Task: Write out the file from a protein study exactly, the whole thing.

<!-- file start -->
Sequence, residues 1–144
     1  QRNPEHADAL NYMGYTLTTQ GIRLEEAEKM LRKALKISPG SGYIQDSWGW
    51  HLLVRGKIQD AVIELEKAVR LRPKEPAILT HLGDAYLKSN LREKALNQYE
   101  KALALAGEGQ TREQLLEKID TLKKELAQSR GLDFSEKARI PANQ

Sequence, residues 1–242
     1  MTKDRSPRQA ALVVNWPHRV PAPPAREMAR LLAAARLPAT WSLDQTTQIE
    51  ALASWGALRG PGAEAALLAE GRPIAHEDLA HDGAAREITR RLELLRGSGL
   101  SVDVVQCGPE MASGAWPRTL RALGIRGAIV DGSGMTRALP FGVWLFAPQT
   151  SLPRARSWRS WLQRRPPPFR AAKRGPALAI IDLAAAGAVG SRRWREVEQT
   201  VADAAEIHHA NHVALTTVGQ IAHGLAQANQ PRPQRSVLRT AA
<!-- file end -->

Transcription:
Sequence, residues 1–144
     1  QRNPEHADAL NYMGYTLTTQ GIRLEEAEKM LRKALKISPG SGYIQDSWGW
    51  HLLVRGKIQD AVIELEKAVR LRPKEPAILT HLGDAYLKSN LREKALNQYE
   101  KALALAGEGQ TREQLLEKID TLKKELAQSR GLDFSEKARI PANQ

Sequence, residues 1–242
     1  MTKDRSPRQA ALVVNWPHRV PAPPAREMAR LLAAARLPAT WSLDQTTQIE
    51  ALASWGALRG PGAEAALLAE GRPIAHEDLA HDGAAREITR RLELLRGSGL
   101  SVDVVQCGPE MASGAWPRTL RALGIRGAIV DGSGMTRALP FGVWLFAPQT
   151  SLPRARSWRS WLQRRPPPFR AAKRGPALAI IDLAAAGAVG SRRWREVEQT
   201  VADAAEIHHA NHVALTTVGQ IAHGLAQANQ PRPQRSVLRT AA